HF Field Notes

Hanoi’s incense artisans keep tradition alive

Cited as a great place to visit, Quang Phu Cau Village is known for the amazing incense artisans that keep a ‘core’ 100-year tradition alive. The village is 35 kilometres from downtown Hanoi in the countryside.

Incense making is a Vietnamese cottage industry that has seen generations of locals making the joss sticks for more than a century. Experts suggest, that on average, workers from 300 families collect 200 tonnes of material and produce 50 tonnes of incense every month. 

The artisans suggest that they are especially busy before Lunar New Year when temples are packed with visitors who come to commemorate their ancestors and attend family events.

The result is said to be a hypnotic assembly of dyed bamboo bundles that attract as many as 500 visitors each day to watch. 

According to artisan Dinh Vinh, who is now 65, but started making incense when he was just six years old, this is a tradition.

In the past, the family workers in the village would split the wooden sticks by hand to make joss sticks, but these days its reported they use machines to help combine various ingredients such as agarwood, cedar, wormwood, patchouli, rosemary, and cinnamon. 

Once ready, the incense sticks are then sold throughout Vietnam and are exported to numerous countries around the world.

Source: VOV

New Psychedelic Wellness Retreats popping up all over

Psychedelics like psilocybin and ayahuasca have been shown to improve mental health and wellness. Often ceremonial, a retreat center can bring the best in much-needed rest and rejuvenation, too.

As post-pandemic and climate-related cases of depression skyrocket, a growing number of people are turning to iboga, psilocybin mushrooms, ketamine, LSD, MDMA, and ayahuasca among others, for a new way approach to healing.

With as many as 30% of patients with depression not responding to conventional treatment some suggests that it may be an advancement to how we approach mental health and well-being. A study published by Johns Hopkins University found that psychedelic treatment along with psychotherapy may mitigate symptoms of depression for as long as a year.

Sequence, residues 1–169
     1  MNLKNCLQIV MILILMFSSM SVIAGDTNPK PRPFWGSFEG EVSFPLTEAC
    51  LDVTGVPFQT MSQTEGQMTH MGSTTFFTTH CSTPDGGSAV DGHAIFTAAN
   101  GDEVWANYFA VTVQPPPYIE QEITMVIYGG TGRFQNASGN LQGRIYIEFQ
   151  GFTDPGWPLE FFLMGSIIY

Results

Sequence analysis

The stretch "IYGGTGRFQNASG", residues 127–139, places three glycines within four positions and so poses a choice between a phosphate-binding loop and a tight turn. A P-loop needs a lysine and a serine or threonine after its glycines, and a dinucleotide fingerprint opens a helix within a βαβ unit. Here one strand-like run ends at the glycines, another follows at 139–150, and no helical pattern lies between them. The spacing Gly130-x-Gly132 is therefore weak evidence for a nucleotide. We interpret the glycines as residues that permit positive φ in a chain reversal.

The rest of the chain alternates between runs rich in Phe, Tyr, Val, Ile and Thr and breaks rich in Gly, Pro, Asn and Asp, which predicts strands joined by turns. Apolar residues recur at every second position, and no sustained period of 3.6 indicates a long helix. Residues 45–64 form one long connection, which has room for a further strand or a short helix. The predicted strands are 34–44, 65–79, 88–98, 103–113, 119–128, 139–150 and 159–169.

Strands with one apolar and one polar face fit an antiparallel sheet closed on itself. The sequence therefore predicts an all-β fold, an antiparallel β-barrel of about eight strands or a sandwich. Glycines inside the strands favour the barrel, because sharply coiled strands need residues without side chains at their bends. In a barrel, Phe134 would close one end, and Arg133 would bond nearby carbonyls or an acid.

To that end, psychedelic retreats are popping up around the globe, giving guests an opportunity to work with professionals in some of the most beautiful backdrops in the world.

Generally these retreats are set in environments that facilitate personal connections with nature as well as allow quiet space for the administering of substances. Retreats may work with shamans—Indigenous people trained in plant or fungi medicines that may be part of their lineage. Other retreats may see more modern therapists and licensed practitioners helming the substance ceremonies.

Source: Ethos

Poop and scoop or we’ll track your dog’s DNA 

A controversial bill proposed by a local legislator in Israel designed to strongly encourage erramt dog owners to pick up after their pets, has received preliminary approval.

The hope is that the new law will enable municipal authorities to easily track any left behind pet excrements back to their furry source and, deliver a hefty fine for owners.

Estimates suggest that there are over half a million dogs registered in the country which constitutes a lot of left behind droppings, according to those in favour of the new by-laws.

Leaving behind their dog’s “business” is the undesirable type of pet owner behaviour that “causes harm to the city’s appearance, interferes with the quality of life of the residents and constitutes a serious sanitary hazard” suggest proponents of the legislation who’ve introduced the bill. 

If passed, as a local standardized by-law, every individual dog owner will be required to provide a Veterinarian verified DNA sample to author-ities for each one of their pets. 

A genetic testing lab will be given the dropping samples by local officers who will test them and transfer the data to a local DNA database for cross-referencing and finding the by-law violating dog owners. 

The announcement suggests that the Minister of Agriculture and Rural Development will be in charge of setting this and overall enforcement guidelines. A clever way to keep the country from literally ‘going to the dogs.’ 

Source: Israel News

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